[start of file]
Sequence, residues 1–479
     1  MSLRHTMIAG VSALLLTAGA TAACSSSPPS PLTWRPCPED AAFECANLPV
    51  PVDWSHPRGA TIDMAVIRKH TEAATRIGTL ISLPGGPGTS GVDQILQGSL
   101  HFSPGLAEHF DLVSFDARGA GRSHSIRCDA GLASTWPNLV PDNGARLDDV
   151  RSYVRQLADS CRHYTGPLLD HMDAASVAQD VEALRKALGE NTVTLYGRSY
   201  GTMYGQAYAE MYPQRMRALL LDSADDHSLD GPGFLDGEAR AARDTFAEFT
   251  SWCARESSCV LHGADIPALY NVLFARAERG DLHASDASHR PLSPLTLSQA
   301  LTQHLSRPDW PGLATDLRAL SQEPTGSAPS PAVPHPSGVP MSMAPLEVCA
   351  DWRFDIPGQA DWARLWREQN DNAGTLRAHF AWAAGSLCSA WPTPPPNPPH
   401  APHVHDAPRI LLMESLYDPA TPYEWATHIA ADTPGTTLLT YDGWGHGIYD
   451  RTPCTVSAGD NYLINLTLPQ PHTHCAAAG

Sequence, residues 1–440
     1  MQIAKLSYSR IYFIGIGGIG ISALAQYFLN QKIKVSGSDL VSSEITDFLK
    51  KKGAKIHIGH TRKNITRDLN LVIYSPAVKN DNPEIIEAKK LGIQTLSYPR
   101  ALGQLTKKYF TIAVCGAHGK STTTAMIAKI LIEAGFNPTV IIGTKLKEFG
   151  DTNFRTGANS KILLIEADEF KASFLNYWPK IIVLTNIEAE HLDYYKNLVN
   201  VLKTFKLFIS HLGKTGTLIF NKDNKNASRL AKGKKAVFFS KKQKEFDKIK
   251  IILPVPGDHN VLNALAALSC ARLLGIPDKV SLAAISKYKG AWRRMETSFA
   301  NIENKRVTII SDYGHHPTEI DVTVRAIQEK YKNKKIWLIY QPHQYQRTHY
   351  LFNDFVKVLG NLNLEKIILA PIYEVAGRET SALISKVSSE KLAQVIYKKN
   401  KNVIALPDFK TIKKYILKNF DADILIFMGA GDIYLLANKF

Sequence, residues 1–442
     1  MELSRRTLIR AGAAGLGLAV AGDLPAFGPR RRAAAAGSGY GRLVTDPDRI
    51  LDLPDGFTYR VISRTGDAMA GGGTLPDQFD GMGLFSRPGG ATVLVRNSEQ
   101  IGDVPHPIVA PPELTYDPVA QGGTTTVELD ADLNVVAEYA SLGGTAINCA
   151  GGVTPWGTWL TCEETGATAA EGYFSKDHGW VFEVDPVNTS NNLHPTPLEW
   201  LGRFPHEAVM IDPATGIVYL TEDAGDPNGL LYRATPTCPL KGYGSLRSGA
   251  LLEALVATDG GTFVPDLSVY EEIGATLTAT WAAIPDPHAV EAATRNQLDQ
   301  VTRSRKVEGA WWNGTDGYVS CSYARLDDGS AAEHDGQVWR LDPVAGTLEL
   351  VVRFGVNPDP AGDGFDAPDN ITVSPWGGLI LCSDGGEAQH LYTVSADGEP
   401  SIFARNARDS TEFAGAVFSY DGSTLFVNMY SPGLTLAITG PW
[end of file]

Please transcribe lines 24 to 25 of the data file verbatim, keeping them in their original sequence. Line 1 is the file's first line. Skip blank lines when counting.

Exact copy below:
    51  LDLPDGFTYR VISRTGDAMA GGGTLPDQFD GMGLFSRPGG ATVLVRNSEQ
   101  IGDVPHPIVA PPELTYDPVA QGGTTTVELD ADLNVVAEYA SLGGTAINCA